At Heaven's Gate

by George Santayana (1922)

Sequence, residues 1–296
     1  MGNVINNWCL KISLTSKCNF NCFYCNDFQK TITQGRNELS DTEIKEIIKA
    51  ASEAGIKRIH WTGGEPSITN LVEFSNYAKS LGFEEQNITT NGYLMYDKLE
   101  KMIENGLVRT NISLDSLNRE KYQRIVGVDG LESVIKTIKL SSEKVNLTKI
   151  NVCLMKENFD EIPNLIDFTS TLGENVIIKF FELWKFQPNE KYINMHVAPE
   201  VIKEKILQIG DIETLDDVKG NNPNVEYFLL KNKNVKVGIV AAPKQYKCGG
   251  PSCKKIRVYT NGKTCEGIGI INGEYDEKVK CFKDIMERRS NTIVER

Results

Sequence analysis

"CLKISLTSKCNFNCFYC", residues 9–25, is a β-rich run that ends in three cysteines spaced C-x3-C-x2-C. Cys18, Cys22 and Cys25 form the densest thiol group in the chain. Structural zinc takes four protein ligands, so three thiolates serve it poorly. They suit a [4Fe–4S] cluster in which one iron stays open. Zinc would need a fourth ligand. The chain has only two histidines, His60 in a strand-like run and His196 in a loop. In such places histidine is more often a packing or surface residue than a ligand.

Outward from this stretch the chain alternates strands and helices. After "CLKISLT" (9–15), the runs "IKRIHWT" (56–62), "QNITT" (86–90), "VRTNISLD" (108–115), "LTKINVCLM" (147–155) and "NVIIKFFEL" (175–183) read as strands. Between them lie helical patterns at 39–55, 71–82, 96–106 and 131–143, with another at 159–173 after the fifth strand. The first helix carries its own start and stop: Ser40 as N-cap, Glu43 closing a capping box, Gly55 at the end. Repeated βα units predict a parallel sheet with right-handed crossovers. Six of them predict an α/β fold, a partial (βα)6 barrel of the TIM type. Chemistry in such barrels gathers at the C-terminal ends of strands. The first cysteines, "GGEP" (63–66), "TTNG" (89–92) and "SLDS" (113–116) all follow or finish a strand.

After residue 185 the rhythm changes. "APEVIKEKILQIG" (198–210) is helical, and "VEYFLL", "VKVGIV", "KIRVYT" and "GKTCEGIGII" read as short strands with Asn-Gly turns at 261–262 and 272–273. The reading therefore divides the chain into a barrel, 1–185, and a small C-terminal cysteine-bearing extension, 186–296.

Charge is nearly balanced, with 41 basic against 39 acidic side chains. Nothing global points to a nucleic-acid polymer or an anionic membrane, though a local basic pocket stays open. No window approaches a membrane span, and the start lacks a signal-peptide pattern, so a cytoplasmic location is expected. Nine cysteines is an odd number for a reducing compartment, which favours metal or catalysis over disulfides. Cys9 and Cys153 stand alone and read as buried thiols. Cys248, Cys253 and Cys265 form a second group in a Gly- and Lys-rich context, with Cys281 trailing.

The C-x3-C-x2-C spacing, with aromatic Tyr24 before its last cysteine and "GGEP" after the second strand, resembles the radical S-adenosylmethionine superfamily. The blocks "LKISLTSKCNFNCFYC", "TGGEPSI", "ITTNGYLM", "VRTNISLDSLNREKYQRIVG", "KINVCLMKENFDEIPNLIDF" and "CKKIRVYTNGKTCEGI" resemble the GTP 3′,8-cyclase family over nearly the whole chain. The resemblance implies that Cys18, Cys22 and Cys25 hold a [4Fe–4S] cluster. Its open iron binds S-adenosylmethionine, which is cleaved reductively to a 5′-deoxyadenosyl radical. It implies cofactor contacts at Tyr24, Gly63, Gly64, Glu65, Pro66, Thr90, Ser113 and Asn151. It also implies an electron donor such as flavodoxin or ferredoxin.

Skylarks, if they exist elsewhere, must be homesick for England. They need these kindly mists to hide and to sustain them. Their flexible throats would soon be parched, far from these vaporous meadows and hedgerows rich in berries and loam. How should they live in arid tablelands, or at merciless altitudes, where there is nothing but scorching heat or a freezing blizzard? What space could they find for solitude and freedom in the tangle of tropical forests, amongst the monkeys and parrots? What reserve, what tenderness, what inward springs of happiness could they treasure amid those gross harlot-like flowers? No, they are the hermits of this mild atmosphere, fled to its wilderness of gentle light. Well may they leave it to eagles to rush against the naked sun, as if its round eye challenged them to single combat: not theirs the stupid ferocity of passion against fact, anger against light, swiftness against poise, beak and talons against intangible fire. Larks may not be very clever, but they are not so foolish as to be proud, or to scream hoarsely against the nature of things. Having wings and voluble throats they play with them for pure pleasure; they are little artists and little gentlemen; they disdain to employ their faculties for their mere utility, or only in order to pounce down to the earth, whenever they spy a dainty morsel, or to return to sulk shivering on some solitary crag, their voracity but half appeased, like eagles dreaming of their next victim. Of course, even the most playful songster must eat, and skylarks no doubt keep an eye open for worms, and their nest calls them back to terrene affections; but they are as forgetful of earth as they can be, and insatiable craving does not stamp itself on their bent necks, as if they were vultures, nor strain their feathers of iron. No more are they inspired by sentimental pangs and love-sick like the nightingale; they do not hide in the labyrinthine shade of ilex or cypress, from there to wail in the melancholy moonlight, as it were a seductive serenade addressed to mortal lovers. No, the trilling of larks is not for mankind. Like English poets they sing to themselves of nature, inarticulately happy in a bath of light and freedom, sporting for the sake of sport, turning what doubts they may have into sweetness, not asking to see or to know anything ulterior. They must needs drink the dew amongst these English fields, peeping into the dark little hearts and flushed petals of these daisies, like the heart and cheeks of an English child, or into these buttercups, yellow like his Saxon hair. They could hardly have built their nests far from this maze of little streams, or from these narrow dykes and ditches, arched with the scented tracery of limes and willows. They needed this long, dull, chilly winter in which to gather their unsuspected fund of yearning and readiness for joy; so that when high summer comes at last they may mount with virgin confidence and ardour through these sunlit spaces, to pour their souls out at heaven's gate.